Email Us       |      Client Login

The Seedy Side of the Singles Scene​ – June 2023

Microplastics inside

The Seedy Side of the Singles Scene

There have been many debates over the years on how beneficial or detrimental recycling was to the overall environmental picture, and today, it is no different. While recycling has been around for a long time (those jackets with elbow patches were not initially a hot fashion choice), curbside recycling started in the 1960s and has spread to the point that most areas of the country have some sort of recycling program nowadays. With the increase in recycling availability, we see an even greater increase in single-use plastics, but perhaps this is not as guilt free an option as we have been led to believe.

While curbside recycling has become more prevalent, the recycling of plastic has always been a difficult topic. In the past, the focuses were on what type of plastic, does it have the right recycling code, and does this location take my plastic bags, or my yogurt container, or the coffee pods that I have come to depend on? Nowadays, there is a whole “new” environmental concern with recycling plastic … microplastics.

Even though a small percentage of our plastic waste actually makes it to a recycling center, a byproduct of that recycling is microplastics, and those microplastics are then released back into the environment. And I know, you are saying, but plastic is safe. I had this exact debate with my uncle at a family gathering a couple of years ago. As all families are prone to when gathered, we were debating the environmental impact of batteries for electric vehicles, and the conversation spun off to other environmental “hot” topics. I mentioned microplastics since that was the newest “hot” topic, after per- and polyfluoroalkyl substances (PFAS) of course, and the debate ensued. Since that time, there have been many studies into the effects of microplastics on the environment and food chain, proving that the plastic we all use is not as safe as we used to believe.

What are microplastics?

Microplastics are plastics less than 5 millimeters (0.2 inches) in diameter that do not readily break down. They end up in our waterways and oceans from many sources, including microfibers shed from clothing or fishing nets and the breakdown of larger plastic items. These microplastics have been detected in marine organisms from plankton to whales, in commercial seafood, in freshly fallen snow in Antarctica, and even in drinking water. And now recycling our plastic is another source for these to enter the waterways.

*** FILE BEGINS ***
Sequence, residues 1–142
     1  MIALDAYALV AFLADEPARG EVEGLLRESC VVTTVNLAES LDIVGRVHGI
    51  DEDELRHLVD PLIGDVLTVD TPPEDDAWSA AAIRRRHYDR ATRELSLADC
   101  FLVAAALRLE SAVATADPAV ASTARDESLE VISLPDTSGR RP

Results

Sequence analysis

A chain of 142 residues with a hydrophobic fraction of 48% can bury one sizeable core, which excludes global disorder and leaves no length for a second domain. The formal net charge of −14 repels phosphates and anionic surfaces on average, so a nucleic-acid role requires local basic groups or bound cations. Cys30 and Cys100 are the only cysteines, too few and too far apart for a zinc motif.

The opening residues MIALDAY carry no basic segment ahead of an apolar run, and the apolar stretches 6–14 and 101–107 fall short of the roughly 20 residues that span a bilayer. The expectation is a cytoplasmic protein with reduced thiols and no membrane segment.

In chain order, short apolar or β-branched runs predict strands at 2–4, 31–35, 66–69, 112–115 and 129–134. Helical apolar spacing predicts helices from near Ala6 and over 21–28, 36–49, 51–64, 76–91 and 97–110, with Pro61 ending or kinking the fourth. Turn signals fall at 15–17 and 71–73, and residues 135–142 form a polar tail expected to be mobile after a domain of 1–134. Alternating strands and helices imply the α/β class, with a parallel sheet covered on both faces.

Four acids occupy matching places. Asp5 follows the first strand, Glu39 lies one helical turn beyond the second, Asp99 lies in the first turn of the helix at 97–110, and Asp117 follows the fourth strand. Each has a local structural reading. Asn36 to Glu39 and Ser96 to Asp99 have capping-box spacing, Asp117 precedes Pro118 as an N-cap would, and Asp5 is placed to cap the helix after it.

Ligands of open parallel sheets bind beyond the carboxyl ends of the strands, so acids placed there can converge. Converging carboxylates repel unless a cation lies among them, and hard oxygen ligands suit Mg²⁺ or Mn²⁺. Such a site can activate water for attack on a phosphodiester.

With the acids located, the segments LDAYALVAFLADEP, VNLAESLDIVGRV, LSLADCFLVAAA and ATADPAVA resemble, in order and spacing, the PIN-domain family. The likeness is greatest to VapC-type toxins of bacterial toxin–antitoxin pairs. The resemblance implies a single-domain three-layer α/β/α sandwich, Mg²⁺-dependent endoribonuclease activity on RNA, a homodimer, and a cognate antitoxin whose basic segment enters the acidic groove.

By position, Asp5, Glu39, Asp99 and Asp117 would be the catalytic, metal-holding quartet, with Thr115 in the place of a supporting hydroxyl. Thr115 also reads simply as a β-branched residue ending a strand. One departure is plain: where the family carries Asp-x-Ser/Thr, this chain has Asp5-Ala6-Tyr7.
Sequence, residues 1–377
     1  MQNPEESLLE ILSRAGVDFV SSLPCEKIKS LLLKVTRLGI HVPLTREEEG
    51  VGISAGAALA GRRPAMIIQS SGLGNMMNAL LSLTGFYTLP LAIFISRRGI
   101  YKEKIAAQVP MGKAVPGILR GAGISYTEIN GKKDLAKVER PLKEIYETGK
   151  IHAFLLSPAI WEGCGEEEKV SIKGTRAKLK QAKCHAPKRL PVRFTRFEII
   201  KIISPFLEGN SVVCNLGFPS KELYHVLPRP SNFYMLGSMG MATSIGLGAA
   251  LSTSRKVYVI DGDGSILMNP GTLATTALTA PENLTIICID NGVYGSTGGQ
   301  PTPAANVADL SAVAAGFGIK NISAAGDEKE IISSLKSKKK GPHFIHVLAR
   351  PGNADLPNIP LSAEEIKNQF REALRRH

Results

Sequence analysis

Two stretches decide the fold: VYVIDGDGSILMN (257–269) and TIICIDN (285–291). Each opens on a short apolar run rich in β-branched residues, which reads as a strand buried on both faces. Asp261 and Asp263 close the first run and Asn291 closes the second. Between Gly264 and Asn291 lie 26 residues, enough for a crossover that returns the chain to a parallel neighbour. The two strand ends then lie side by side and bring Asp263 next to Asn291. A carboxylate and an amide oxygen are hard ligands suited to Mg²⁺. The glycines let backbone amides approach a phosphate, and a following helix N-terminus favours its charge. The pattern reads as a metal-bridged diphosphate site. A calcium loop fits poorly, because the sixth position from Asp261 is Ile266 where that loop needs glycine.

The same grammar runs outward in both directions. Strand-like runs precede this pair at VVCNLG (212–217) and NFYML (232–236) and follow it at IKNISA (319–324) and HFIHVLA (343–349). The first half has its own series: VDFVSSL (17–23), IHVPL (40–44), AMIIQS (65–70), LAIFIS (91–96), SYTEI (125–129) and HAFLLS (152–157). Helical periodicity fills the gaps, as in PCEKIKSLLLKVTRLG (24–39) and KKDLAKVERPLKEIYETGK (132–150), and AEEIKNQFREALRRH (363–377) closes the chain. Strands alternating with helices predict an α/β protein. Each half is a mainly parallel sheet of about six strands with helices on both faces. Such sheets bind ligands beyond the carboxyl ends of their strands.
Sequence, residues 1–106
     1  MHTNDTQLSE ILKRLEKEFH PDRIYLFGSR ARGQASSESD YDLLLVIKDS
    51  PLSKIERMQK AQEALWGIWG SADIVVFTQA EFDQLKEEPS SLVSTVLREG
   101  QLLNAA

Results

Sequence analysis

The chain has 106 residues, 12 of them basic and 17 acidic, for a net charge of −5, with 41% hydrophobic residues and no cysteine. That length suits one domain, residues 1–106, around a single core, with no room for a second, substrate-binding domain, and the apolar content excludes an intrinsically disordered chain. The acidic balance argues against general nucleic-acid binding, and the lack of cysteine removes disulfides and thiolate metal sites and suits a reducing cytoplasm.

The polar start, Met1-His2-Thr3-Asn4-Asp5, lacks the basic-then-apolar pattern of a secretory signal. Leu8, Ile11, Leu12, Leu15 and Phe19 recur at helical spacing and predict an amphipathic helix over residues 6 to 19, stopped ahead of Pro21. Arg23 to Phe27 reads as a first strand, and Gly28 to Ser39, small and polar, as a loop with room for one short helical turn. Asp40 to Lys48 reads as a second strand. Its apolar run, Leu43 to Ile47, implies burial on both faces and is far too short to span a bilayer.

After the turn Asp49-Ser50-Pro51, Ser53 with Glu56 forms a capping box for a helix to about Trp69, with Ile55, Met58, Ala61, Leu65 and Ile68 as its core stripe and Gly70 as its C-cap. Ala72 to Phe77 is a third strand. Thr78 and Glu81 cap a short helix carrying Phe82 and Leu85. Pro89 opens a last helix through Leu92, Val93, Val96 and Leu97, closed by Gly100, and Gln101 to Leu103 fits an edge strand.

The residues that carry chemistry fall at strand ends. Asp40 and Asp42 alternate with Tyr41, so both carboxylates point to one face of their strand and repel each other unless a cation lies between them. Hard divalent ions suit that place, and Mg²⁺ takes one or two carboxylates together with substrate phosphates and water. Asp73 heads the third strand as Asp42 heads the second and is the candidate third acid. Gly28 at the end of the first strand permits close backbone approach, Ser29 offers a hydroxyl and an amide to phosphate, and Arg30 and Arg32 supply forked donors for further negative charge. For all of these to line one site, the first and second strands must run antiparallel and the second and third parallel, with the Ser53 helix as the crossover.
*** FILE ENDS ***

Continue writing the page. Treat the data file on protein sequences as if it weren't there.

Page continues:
A recent peer-reviewed study out of the United Kingdom1 found that 13% of the plastic processed was released into the water as microplastics. Filtration systems can be used to reduce the number of microplastics released. The facility studied had successfully reduced the microplastics released from 13% to 6% of the total volume processed after installing a filtration system. But even at 6%, up to 75 billion plastic particles were released in each cubic meter of wastewater. For those that do not want to do the conversion, that is 284 million plastic particles per gallon or almost 18 million plastic particles in an 8-ounce cup! Obviously, these were not the 5-millimeter microplastics, 90% were actually under 10 microns (0.00039 inches or the size of a red blood cell) in size, so it should be no surprise that we did not realize this was a problem years ago.

To paraphrase Eleanor Roosevelt, lighting a small candle is better than cursing the darkness. However, even if you consider that only an estimated 9% of the 353 million tons of plastic produced is recycled, the numbers start to look quite daunting, so it might be time to look in other directions. While the symbol for the Three R’s  has become synonymous with recycling for anyone growing up over the last 40+ years, the Reduce and Reuse portion of that symbol are often forgotten and need to be brought to the forefront of the discussion.

Recent legislation across various parts of the country has been trying to focus on reduction by placing limitations on our plastic usage with bans on various plastic products from bags to straws. And we are not alone, bans and taxes on single-use plastics exist in more than 120 countries. I am not saying stop recycling, and neither are the experts; new research3 indicates curbside recycling is beneficial to the environment and can help areas meet climate goals. We just need to start thinking about whether plastic should be included in the Recycle part of the Three R’s or if the reduction or reuse of products made from plastic is a better alternative for everyone. Or perhaps by adding a fourth R, Replace, and looking into making plastic alternatives, such as hemp, a more viable and affordable option.

If you are faced with a microplastics problem, we have experts that can help.

Ammie Martin

Senior Technical Chemist and Corporate Quality Assurance and Training Specialist